While June marks Pride month, our support for the LGBTQI+ (Lesbian, Gay, Bisexual, Transgender, Questioning/Queer, Intersex, and Asexual and/or Ally) community shouldn’t be limited to that month only. One of the most valuable places to spread kindness and inclusivity is at school, where the minds of children and young adults are being shaped as they decide whom they want to be and what they stand for. Supporting this community is crucial as the trauma LGBTQ+ students go through might affect them for the rest of their lives.
In 2019 in the UK, 45% of LGBTQ students were facing bullying. In 2021, Forbes found that in Europe, more than a half (54%) of LGBTQI (Lesbian, Gay, Bisexual, Transgender, Questioning/Queer, Intersex) students and young adults experience bullying in school because of their sexual orientation, gender identity, or gender expression. In the US, the American Journal of Preventive Medicine noted in a study that 91% of LGBTQ young people reported they had experienced bias-based bullying at least once.
Many countries have now placed laws and guides on supporting LGBTQ+ students at school. However, it’s far from being enough. Students often lean on teachers for advice and support, and we believe educators are vital to providing LGBTQ+ pupils with the support and understanding they need.
Here are 8 ways you can help LGBTQ+ students feel safe and accepted in school.
Focus on teaching students about different families. Schools should help prepare students for the world around them. By including lessons in the curriculum about the LGBTQ+ community and different families, you will help students become more aware, inclusive, and understanding.
Turn your classroom into a ‘safe zone’. This is a great method to make sure students know you support them and will not tolerate hate language or bullying in the classroom. You can do this by adding a sticker or a label to your door. This indicates that you are supportive and open to discussions, and ready to challenge anti-LGBTQ language and harassment.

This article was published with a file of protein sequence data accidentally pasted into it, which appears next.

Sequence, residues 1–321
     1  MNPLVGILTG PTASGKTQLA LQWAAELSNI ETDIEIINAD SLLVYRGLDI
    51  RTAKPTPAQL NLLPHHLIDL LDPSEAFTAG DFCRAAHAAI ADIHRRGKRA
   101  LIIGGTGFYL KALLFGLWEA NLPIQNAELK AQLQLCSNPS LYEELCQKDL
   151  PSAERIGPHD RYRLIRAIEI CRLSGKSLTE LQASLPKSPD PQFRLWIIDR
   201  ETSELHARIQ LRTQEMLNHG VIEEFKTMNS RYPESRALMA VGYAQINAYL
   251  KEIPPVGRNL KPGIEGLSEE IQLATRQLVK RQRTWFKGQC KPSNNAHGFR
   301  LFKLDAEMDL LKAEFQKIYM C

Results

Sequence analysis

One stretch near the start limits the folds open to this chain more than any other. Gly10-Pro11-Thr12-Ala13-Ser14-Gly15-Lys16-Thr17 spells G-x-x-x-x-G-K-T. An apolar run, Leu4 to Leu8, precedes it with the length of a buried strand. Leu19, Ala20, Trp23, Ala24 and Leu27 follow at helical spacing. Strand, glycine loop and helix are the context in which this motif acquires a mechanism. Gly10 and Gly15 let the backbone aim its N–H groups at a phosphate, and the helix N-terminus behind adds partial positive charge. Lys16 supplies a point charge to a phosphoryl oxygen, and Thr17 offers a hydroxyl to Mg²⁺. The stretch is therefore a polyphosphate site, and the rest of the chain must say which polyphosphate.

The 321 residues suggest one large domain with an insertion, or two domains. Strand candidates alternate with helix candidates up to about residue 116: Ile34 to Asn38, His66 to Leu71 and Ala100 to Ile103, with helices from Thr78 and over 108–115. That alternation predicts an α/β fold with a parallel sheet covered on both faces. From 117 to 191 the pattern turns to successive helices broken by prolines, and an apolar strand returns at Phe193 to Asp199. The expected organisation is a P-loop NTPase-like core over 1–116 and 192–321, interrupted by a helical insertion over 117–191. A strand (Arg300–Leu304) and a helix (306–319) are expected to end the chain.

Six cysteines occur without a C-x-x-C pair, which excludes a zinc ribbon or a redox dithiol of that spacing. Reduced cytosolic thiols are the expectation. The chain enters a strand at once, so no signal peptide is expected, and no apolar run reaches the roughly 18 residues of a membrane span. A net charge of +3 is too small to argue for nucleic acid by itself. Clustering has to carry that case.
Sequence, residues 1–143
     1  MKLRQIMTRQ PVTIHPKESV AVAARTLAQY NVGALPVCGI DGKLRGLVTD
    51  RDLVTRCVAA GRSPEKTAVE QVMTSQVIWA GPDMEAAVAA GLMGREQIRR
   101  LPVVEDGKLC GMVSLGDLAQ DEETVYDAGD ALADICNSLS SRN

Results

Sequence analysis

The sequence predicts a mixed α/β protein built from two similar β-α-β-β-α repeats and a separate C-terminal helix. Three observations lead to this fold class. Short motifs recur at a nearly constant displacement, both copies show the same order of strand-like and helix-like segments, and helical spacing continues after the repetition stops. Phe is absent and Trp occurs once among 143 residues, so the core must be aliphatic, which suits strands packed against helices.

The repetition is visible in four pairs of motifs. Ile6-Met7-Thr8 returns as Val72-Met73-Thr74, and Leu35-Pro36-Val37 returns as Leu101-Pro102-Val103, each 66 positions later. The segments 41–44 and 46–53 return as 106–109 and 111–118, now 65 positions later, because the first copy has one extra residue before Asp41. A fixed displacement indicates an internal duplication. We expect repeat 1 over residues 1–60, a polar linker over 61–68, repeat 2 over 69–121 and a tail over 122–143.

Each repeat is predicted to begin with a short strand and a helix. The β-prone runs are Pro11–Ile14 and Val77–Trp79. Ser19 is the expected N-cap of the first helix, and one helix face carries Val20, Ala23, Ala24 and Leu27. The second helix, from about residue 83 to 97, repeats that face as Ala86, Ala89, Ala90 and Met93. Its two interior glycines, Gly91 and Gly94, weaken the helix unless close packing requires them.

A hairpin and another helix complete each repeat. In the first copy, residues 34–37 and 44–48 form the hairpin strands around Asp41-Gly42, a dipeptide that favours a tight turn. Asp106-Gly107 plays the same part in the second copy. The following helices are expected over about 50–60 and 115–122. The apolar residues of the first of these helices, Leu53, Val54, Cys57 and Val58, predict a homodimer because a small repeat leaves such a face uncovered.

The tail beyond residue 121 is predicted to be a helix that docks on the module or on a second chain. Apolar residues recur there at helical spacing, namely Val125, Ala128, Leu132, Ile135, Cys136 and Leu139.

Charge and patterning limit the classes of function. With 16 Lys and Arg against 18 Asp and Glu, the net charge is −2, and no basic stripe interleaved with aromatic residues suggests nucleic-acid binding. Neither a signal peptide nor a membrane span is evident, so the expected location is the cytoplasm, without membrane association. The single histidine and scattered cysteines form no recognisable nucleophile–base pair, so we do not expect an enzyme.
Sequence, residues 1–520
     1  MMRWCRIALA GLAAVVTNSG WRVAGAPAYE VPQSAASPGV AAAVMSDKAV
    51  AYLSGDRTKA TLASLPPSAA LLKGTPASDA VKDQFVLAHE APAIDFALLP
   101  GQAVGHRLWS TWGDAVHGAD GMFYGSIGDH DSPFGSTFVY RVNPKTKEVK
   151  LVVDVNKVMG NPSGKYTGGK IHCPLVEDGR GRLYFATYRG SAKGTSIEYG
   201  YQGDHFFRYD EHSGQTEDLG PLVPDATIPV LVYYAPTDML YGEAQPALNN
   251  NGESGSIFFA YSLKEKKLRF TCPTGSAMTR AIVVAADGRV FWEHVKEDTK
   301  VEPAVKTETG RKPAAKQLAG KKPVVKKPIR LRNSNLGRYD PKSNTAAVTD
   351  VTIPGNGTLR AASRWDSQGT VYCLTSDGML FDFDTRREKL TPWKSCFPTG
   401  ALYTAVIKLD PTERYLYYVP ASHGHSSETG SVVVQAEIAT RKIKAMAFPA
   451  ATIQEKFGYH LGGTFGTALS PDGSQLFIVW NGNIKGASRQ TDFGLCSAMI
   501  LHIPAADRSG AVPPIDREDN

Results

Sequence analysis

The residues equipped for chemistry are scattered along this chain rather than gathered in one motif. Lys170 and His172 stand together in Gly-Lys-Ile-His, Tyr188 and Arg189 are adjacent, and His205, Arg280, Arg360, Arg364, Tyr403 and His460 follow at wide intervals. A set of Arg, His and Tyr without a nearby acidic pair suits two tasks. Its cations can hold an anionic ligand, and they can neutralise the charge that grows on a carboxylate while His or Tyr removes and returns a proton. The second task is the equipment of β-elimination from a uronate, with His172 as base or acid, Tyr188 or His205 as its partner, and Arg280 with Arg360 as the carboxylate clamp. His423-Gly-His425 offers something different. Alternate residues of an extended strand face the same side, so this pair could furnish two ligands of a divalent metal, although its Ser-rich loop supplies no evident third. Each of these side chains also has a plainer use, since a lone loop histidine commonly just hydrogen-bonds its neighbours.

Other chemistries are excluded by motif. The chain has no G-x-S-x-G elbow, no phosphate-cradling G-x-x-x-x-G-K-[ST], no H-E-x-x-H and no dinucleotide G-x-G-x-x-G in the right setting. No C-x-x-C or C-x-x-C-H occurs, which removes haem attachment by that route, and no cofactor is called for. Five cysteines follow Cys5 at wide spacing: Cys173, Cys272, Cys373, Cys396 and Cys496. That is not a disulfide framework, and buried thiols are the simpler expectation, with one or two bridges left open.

Create class rules with your students. Engage pupils to propose rules and ideas, vote on which ones they like and why. Doing this will empower students to have a say in what will happen in their learning environment, making them more likely to follow these rules and behave. Also, give them the power to hold each other accountable when they break them.
Listen to students’ needs and be open to feedback. LGBTQ+ students are more prone to experience anxiety, depression, bullying and harassment than their peers. Apart from all the changes you make and the effort you put into making your classroom a safe space for LGBTQ+ children, always spend time talking to them and listening to their struggles and be ready to make a change or implement a new rule as it comes.
Establish an LGBTQ+ organisation in your school. If there isn’t an organisation or society for LGBTQ+ students yet, now is the time to make one. Not only will it create a safe space for these students, but it will offer them a platform from where they can make their voices heard when it comes to decisions such as school curriculum, plans, and policies. Importantly, it will also be a medium through which they can communicate the challenges they face.
Introduce inclusivity into lessons. Start by mentioning the names of leaders or celebrities who are a part of the LGBTQ+ community and use the correct pronouns. This can help in numerous ways. Students will see that there are LGBTQ+ leaders out there and that success and happiness is for everyone. Mentioning pronouns can also help teach respect and understanding.
Intervene early. Students are spending an increasing amount of time online, which consequently results in more cyber-bullying. A child could be struggling behind closed doors, leaving teachers unaware of the issue. Our team at Impero is dedicated to keeping students safe at all times, no matter the learning environment. Impero Wellbeing was developed with the help of charitable organisations and non-profits from around the globe to create a real-time keyword detection tool that allows teachers to intervene early whenever a child is in danger. The words our keyword detector looks for include bullying, suicide and self-harm, mental health, eating disorders, illegal content, and radicalisation.
Be a role model. While this might be the last tip on the list, it’s undoubtedly the most important one. Students often will see you as a role model, and you need to show them your values and never let any bullying or harassment occur in the classroom on your watch. The change starts with you.
If you want to learn more about Wellbeing and how it can help you keep students safe, book a demonstration here.